Since most of these things do not affect me–and if they do affect me, they are completely beyond my control–any fretting, opinions or stomping on my part will be useless.

There is a wonderful phrase which I often remind myself of whenever I’m tempted to be engaged: “Be still and know that I am God.”

If there is a Being named God, and He has created a Universe, my stirrings are comical at best, and at worst, aggravating.

 

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Competition

Competition: (n) the activity or condition of competing.

“There is no competition between us,” she said with a smile.

And then we sat around the room trying to answer Jeopardy! questions. As the moments passed, the intensity of her responses increased, with evidence of a bit of froth at her mouth.

Of course–we’re all in competition.funny wisdom on words that begin with a C

If we’re not competing for money, we’re competing for parking spaces.

As children we compete for the affection of our parents.

Sometimes we even stand in line at the grocery store and check to see if our tally is more impressive than the person before us.

Life may not be a competition, but in the process of living it, we develop a strong need to compete.

Some people call it greed or avarice.

Others deem it motivation.

I think it’s just quicker to call it human.

 

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Circus

Circus: (n) a traveling company of acrobats, trained animals, and clowns that gives performances, typically in a large tent

I’m about to break one of my own cardinal rules when it comes to writing.

I don’t mention too many “pop culture” references from the past because they’re irrelevant to the majority of the people who read my blogs.
. But when I saw the word “circus,” my mind went to only one place.

When I was a kid I was portly. (Now, this is a “grandma word” used to describe a fat boy.)

I fell in love with a TV show called “Circus Boy.” I can’t tell you much about it but there was a little kid just my age, with blond hair just like mine, blue eyes–the same–and he was part of a circus. He walked around wearing an adorable hat which might cause the worst cynic to beam a smile.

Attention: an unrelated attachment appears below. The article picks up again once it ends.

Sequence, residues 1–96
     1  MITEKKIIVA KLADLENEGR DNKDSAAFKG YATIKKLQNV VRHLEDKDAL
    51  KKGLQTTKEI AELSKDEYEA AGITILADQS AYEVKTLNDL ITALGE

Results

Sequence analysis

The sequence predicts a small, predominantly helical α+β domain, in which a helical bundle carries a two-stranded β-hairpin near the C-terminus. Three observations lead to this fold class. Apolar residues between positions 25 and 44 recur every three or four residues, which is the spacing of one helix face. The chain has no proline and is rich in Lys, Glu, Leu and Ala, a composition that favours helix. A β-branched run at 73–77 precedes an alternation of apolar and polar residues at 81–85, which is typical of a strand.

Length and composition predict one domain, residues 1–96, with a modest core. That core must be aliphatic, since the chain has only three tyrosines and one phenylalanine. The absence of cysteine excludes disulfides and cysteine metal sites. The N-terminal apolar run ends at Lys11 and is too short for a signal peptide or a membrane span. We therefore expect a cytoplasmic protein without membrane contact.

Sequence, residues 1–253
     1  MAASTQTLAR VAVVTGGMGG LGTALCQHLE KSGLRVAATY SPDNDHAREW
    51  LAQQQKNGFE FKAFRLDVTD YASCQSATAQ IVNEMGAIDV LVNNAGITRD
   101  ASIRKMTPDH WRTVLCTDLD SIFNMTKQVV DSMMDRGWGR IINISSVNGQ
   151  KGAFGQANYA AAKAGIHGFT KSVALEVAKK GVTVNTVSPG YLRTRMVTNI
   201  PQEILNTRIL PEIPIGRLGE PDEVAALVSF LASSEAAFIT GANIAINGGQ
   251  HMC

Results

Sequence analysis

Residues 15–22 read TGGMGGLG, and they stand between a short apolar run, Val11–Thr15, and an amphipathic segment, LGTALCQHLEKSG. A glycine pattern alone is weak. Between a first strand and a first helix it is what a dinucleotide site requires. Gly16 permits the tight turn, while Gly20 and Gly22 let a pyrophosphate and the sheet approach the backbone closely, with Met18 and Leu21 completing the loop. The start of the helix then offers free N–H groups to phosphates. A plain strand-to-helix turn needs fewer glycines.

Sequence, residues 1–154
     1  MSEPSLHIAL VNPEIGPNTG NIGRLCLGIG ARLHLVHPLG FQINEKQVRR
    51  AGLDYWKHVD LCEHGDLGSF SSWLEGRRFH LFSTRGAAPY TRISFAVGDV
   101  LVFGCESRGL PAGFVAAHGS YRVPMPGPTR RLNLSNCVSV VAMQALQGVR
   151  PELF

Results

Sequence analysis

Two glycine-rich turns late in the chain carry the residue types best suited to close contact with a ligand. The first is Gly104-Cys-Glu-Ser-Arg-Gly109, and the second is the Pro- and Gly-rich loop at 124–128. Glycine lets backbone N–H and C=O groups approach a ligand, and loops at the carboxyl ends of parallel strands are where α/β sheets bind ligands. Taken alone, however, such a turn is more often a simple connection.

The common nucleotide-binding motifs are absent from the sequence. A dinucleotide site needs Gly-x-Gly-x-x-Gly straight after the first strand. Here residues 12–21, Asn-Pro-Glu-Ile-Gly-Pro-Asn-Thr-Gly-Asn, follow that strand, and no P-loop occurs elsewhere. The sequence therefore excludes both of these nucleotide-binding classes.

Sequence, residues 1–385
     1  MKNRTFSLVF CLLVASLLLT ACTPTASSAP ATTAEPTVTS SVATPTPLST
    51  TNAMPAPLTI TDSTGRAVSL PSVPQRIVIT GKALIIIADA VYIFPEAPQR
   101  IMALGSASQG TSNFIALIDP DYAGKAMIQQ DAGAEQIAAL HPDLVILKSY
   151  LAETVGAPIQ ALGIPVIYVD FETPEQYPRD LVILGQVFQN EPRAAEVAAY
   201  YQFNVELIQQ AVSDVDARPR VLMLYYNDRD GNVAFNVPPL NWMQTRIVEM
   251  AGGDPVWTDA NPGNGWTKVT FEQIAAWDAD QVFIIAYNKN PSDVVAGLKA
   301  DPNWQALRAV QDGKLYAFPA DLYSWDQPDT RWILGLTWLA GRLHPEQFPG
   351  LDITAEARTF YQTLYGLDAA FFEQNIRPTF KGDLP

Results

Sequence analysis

I loved that show.

So one day when shopping with my parents, I noticed they were selling a replica of Circus Boy’s hat. Oh, my God–I begged. I pleaded with my parents to get the it for me. It must have been very reasonable because they didn’t quibble.

I never took it off. My greatest joy was that when people saw me in the hat, they often commented, “He looks kinda like Circus Boy.”

It was almost like I was a leper and Jesus had just touched me.

One day I was in the grocery store with my mom and dad and a man and woman came up and the lady said, “Is this your son?”

My mother nodded with pride. Then the lady said it. “You know, he really looks like ‘Circus Boy.'”

I was about to explode with a huge smile and share with her that “Circus Boy” was my favorite show on TV when the man piped in, “Yeah, kind of. Except he’s fat.”

The earth stood still.

I couldn’t breathe.

I couldn’t look in any direction without seeing human beings who needed to be far away from me at that moment.

I turned on my heel and ran out of the store, wedging myself against the back of a Coke machine in a corner, crying.

You see, the guy wasn’t mean. Just matter-of-fact.

It was such “matter-of-fact” that even I knew it was true.

To this day, “circus” brings up “Circus Boy,” which stirs a memory of my fondness for the show, circulating images of the hat I wore, pretending–but deep in my heart, knowing I couldn’t be him.

I was too … portly.

 

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Circulate

Circulate: (v) to pass or cause to pass from place to place or person to person.

I have recently been accused of being anti-social.

The diagnosis was offered because I failed to attend a party. It was assumed that anyone who didn’t want to come to this social adventure
had to be out of his or her mind.

I was supposed to come and circulate among people whom I have known for years, and read about ever-too-frequently on my Facebook page. As a matter of fact, I know so much about these folks that I could probably write personal bios for them.

But they were convinced that I had sunk into some sort of despair because I wasn’t going to come and hear the same old stories while partaking of a dip with only subtle new inclusions.

I do need to circulate–but I need to do it among people who are not necessarily related to me or benefit from me personally or financially.

A great man once said that if you only love those who love you, what in the hell is so special about that?

For instance, I just came back from the grocery store. I encountered at least twenty-five people I have never met before.

I circulated.

I conversed.

I opened up my heart to the possibility that these were good folks and I would benefit from the exchanges. I suspect about half of them thought I was crazy for being so talkative. But the other half took a risk, jumped in and, well…circulated.

We do not circulate when we only hang around those who resemble us or are friends because we buy presents for them on birthdays or Christmas.

We circulate when we allow the blood of human relationship to mingle among castes, races, genders and ideologies.